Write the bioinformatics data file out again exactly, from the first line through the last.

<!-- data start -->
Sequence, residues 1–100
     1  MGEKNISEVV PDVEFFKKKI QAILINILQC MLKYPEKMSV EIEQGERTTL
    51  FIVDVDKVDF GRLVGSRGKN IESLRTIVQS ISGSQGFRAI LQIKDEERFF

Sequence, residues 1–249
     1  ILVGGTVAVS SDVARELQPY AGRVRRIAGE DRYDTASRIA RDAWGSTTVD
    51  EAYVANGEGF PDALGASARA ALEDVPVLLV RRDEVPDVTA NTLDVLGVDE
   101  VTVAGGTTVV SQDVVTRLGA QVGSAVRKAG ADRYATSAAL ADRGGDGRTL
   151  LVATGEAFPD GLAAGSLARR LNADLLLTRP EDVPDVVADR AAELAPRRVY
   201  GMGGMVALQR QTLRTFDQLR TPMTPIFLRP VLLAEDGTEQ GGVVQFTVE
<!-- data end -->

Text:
Sequence, residues 1–100
     1  MGEKNISEVV PDVEFFKKKI QAILINILQC MLKYPEKMSV EIEQGERTTL
    51  FIVDVDKVDF GRLVGSRGKN IESLRTIVQS ISGSQGFRAI LQIKDEERFF

Sequence, residues 1–249
     1  ILVGGTVAVS SDVARELQPY AGRVRRIAGE DRYDTASRIA RDAWGSTTVD
    51  EAYVANGEGF PDALGASARA ALEDVPVLLV RRDEVPDVTA NTLDVLGVDE
   101  VTVAGGTTVV SQDVVTRLGA QVGSAVRKAG ADRYATSAAL ADRGGDGRTL
   151  LVATGEAFPD GLAAGSLARR LNADLLLTRP EDVPDVVADR AAELAPRRVY
   201  GMGGMVALQR QTLRTFDQLR TPMTPIFLRP VLLAEDGTEQ GGVVQFTVE